5 Thoughts - It's Only Week One
Georgia QB Matthew Stafford
Georgia QB Matthew Stafford
Posted Sep 3, 2007

From overreacting to week one, to the issues at Notre Dame, to the speed of the Pac 10, to the reloading and resurgence of Georgia, led by star QB Matthew Stafford, here are 5 Thoughts from some of the CFNers after the opening weekend.

There's Still More Football To Play

By Pete Fiutak   

1.  People, we’ve only played one week of the college football season. One … week.

No, your team still probably isn’t better than Michigan. No, your team isn’t a lock for the BCS after blowing out some team from the Sun Belt, MAC or FCS. No, your season isn’t over even if you did lose to some team from the MAC or FCS. It’s week one of a very, very long season, and the Appalachian State upset isn’t going to be the only bizarre twist as it goes along.

There’s a common misconception that, like the pros, the college kids are ready to roll on opening day. The NFL types get three-plus weeks of intense training camp, several “voluntary” off-season practices, and daily training sessions and study followed up by five warm-up games to figure out the best combination of starters. Everyone gets to work on what they need to for the season. The college teams get roughly a quarter of the fall preseason practice time and film work (and that’s being generous) that the pros do, yet they’re supposed to hit the ground running. That’s why many teams schedule a supposed cupcake to start things off, and even if week one doesn’t go as planned, that doesn’t mean the year is over.

Michigan is still great, even if it's a national punching bag right now. That offense is going to hang up huge numbers all season long to make up for the issues on defense. The Wolverines are going to beat Oregon. They’re going to beat Notre Dame. I’m not sure about the Penn State game, but they’re going to beat Northwestern, Eastern Michigan, Purdue, Illinois, Minnesota and Michigan State before playing Wisconsin. They’re going to be right in the thick of the Big Ten race all season long, and they’re going to be a serious threat to go to the BCS. Losing to Appalachian State changed nothing other than national title hopes, which were out of Michigan’s hands anyway since USC and LSU, thanks to how the system works, will play for the championship if they each go unbeaten.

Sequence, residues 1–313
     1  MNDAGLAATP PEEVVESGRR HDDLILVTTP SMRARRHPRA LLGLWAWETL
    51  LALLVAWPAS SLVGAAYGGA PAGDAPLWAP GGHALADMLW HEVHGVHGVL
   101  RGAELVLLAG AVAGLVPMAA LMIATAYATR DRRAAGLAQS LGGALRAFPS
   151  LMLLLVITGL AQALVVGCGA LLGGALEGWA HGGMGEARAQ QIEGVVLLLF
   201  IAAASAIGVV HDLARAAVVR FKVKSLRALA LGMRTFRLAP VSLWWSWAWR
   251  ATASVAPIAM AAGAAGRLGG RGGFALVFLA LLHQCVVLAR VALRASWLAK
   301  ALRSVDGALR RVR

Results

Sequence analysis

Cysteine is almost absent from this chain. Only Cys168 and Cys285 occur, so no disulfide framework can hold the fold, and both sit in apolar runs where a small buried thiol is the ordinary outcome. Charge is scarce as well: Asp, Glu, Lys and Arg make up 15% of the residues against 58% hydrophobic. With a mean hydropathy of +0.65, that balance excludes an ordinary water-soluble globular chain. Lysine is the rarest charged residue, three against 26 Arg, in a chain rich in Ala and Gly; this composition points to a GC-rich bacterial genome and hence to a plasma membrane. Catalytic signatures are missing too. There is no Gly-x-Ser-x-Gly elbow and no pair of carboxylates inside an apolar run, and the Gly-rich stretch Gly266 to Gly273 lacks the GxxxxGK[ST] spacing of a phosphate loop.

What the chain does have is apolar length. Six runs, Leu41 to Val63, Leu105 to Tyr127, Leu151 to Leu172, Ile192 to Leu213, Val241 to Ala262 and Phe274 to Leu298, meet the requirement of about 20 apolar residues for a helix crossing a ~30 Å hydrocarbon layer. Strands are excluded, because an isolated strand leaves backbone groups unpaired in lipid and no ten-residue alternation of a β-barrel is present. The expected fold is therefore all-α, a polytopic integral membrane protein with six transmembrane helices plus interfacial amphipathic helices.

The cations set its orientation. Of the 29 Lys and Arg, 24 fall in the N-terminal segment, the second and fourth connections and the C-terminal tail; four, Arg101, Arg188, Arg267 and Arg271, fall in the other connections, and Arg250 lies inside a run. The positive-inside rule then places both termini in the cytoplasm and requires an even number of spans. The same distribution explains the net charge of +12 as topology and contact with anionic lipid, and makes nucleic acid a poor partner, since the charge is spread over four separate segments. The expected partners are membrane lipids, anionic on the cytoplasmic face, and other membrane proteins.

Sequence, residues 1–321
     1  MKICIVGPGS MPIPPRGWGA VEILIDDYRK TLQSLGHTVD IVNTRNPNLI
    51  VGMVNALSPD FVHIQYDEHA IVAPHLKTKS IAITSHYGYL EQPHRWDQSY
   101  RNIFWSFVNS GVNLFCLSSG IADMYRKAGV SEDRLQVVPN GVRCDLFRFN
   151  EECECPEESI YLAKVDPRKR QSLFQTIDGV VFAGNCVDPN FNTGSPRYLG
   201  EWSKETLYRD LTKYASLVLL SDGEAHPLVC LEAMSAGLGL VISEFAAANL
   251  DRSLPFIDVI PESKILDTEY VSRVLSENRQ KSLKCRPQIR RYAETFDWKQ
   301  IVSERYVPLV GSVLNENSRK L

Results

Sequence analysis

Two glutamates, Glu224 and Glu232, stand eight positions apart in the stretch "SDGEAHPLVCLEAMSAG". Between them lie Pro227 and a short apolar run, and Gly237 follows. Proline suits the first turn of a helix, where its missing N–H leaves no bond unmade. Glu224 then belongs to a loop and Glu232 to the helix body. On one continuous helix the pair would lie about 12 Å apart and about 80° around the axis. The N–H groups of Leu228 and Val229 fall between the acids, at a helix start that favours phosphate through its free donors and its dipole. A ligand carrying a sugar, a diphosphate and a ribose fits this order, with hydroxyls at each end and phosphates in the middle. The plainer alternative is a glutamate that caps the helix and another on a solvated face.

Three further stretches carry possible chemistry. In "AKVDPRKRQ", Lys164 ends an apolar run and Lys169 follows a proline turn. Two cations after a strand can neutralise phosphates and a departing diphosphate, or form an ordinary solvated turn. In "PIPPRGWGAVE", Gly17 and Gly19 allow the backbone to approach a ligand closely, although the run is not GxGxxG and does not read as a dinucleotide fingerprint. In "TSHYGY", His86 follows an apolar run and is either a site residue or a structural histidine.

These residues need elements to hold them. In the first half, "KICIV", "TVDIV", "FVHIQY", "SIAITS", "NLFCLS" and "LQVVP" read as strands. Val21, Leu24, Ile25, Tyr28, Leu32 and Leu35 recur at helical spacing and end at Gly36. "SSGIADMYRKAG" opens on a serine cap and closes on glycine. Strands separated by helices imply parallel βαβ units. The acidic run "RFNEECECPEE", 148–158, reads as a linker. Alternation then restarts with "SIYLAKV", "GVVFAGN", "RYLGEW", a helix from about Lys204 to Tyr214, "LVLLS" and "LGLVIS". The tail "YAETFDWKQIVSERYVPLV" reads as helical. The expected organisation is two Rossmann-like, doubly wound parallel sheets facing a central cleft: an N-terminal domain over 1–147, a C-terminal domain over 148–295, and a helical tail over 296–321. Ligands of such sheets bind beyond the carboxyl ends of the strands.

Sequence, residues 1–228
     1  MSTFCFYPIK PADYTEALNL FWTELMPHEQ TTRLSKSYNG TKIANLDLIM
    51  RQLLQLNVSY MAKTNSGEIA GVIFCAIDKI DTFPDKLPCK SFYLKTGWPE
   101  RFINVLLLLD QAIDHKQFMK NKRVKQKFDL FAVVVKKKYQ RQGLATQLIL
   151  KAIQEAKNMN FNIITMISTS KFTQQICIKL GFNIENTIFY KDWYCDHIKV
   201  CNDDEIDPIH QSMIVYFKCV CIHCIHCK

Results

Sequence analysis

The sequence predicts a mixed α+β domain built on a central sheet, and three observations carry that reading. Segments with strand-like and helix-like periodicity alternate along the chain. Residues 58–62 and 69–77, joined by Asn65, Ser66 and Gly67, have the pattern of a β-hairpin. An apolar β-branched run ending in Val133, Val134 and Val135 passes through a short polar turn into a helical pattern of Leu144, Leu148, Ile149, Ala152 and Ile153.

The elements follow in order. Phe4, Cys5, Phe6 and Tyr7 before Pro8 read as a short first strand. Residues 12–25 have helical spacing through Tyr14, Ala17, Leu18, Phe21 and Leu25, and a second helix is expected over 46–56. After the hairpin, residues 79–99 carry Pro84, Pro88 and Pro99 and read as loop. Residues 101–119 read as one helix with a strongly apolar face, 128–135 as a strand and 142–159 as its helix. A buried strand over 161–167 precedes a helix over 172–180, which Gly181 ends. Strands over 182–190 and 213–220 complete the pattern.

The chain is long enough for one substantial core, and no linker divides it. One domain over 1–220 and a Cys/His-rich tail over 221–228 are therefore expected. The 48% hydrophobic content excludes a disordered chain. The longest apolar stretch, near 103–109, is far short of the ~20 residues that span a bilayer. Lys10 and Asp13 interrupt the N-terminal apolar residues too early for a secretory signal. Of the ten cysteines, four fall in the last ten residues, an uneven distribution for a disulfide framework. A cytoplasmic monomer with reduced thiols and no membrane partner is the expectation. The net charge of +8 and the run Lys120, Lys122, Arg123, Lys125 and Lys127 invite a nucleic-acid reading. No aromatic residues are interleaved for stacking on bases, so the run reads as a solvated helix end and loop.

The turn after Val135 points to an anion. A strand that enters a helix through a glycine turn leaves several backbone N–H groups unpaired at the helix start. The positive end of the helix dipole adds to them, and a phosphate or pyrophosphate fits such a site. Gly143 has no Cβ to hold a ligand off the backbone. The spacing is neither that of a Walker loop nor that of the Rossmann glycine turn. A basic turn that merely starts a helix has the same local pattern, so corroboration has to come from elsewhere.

So relax. In two weeks, ff your team still stinks, or if your team is still blowing the doors off everyone, then it’s time to react. Let’s wait and see how the teams that got crushed play this week to see if week one’s big win might not have been that big a deal. Don’t judge everyone quite yet.

Much Ado About Charlie

By Richard Cirminiello

. Now that Charlie Weis' grand Quarterback Shell Game did absolutely nothing to confuse or slow down the Georgia Tech defense, where does the Notre Dame coach's reputation go from here? Universally labeled as an offensive genius not long ago, Weis' Irish were dismantled by the Yellow Jackets, 33-3, amassing just 122 yards of total offense and setting the tone for what could be a major rebuilding year in 2007.  Dozens of programs lose starting quarterbacks every season, yet live to tell about it, so Brady Quinn's graduation alone isn't enough to justify a historically bad opener.  Can Weis coach?  No doubt.  Has the media built him up too high and too fast?  You bet.  The irony in all of this?  As Weis and Notre Dame embark on the highway to mediocrity this fall, they could cross Tyrone Willingham and Washington driving in the opposite direction.